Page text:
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Book Reviews

Anaesthesia for Obstetrics and Gynaecology

KERN, C

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European Journal of Anaesthesiology (EJA): November 2000 - Volume 17 - Issue 11 - p 714
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Anaesthesia for Obstetrics and Gynaecology; Edited by R. RUSSELL. BMJ Books, London, UK, 2000. Price £35.00, pp. 369.

This book has been written by eight UK and three Australian authors. It consists of eight chapters on issues of obstetrical anaesthesia, and one chapter dedicated to anaesthesia for gynaecological surgery. It is part of a series of books that are, according to the series editors, aimed to bring to the reader up to date with authoritative reviews of the principal clinical topics that make up the speciality. Clearly, this aim has been reached in most chapters. For instance, there are very comprehensive chapters on regional analgesia and anaesthesia, on maternal changes in pregnancy, on the parturient with coexisting disease, and on anaesthesia for gynaecological surgery. This book with 300 text pages has an extensive index. The chapters are easy to read.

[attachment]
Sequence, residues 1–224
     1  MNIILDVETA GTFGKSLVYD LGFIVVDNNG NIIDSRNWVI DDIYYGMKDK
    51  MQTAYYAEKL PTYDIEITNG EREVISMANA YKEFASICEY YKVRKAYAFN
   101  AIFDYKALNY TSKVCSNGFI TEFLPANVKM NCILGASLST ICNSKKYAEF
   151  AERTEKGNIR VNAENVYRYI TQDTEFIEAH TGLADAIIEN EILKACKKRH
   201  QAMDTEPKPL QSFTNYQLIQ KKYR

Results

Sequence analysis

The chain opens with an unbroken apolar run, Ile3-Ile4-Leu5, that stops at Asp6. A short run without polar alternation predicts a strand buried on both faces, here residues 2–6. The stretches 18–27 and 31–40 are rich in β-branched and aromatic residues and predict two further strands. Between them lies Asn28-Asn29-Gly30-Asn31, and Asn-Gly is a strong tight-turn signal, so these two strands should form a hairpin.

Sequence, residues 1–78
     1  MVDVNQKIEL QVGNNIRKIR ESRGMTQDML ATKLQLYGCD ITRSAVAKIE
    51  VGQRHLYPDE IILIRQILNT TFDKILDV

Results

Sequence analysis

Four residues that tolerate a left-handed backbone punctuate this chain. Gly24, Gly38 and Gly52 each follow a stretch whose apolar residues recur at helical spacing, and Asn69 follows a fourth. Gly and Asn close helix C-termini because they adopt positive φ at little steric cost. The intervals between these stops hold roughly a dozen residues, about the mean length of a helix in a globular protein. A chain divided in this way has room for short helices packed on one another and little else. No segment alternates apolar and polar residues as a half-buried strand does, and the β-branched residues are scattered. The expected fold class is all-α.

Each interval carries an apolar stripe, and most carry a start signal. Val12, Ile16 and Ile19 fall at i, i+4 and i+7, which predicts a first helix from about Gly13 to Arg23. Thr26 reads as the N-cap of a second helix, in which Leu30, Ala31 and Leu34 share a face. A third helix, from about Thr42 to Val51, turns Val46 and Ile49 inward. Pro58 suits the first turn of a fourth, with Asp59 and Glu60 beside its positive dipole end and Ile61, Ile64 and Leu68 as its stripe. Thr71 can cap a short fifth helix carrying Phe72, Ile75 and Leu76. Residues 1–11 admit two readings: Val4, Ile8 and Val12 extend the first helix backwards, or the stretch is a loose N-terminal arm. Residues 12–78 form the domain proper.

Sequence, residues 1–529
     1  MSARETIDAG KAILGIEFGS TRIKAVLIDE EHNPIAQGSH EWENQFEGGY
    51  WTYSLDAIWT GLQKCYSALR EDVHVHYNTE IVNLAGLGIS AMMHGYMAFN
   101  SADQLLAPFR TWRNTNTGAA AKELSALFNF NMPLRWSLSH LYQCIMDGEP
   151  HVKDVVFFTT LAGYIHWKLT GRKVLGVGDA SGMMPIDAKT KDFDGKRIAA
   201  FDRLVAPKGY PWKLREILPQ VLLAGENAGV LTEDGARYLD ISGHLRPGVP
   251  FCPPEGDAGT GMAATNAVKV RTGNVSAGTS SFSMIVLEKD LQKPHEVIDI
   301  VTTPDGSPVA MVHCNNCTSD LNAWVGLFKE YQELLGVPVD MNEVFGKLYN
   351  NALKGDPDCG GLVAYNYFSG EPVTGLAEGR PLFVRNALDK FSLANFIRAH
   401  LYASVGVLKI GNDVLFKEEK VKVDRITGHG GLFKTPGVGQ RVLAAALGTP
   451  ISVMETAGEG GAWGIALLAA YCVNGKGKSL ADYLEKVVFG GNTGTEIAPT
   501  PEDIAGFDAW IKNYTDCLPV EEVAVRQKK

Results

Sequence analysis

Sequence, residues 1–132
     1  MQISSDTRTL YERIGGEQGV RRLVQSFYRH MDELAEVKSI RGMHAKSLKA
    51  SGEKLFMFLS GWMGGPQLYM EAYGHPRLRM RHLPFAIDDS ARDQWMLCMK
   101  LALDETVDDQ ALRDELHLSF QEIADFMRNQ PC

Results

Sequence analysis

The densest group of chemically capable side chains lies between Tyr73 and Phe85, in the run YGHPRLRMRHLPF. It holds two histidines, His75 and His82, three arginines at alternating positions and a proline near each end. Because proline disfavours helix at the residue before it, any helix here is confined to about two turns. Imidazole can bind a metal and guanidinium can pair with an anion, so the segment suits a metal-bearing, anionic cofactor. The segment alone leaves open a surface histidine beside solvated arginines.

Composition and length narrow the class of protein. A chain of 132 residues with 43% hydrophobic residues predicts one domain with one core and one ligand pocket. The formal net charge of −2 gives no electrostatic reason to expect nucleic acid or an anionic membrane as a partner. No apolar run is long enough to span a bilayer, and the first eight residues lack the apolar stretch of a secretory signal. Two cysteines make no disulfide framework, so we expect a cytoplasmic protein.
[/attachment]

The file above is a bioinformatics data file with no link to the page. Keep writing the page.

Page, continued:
However, in many chapters there are too often references to techniques and drugs which may be historically interesting but which are definitely out of use. For most young readers, it may be somewhat strange to read in some chapters about trichloroethylene, methoxyflurane, ether, and chloroform, but to find relatively little or no information, for instance, on sevoflurane. Also, old-fashioned analgesic methods such as abdominal decompression are unlikely to be of much interest to young anaesthetists in training. It may have been more appropriate to put together all information on these ancient methods and drugs into one chapter dedicated to the history of obstetrical anaesthesia. Another drawback is that the book that is thought to be of interest to an international readership does not provide much information on drugs which are used outside the UK (for instance, 2-chloroprocaine). Finally, more illustrations would help the reader to follow the text, and to better understand, for instance, physiology and anatomy.

Who should read the book? I do not think that the book should be recommended to the beginner in obstetric anaesthesia. The lack of illustrations makes it difficult for the young resident to memorize the information, and some parts of the book are almost too comprehensive. More experienced anaesthetists may appreciate the large spectrum of this book.

C. KERN

University Hospitals of Geneva, Switzerland

© 2000 European Academy of Anaesthesiology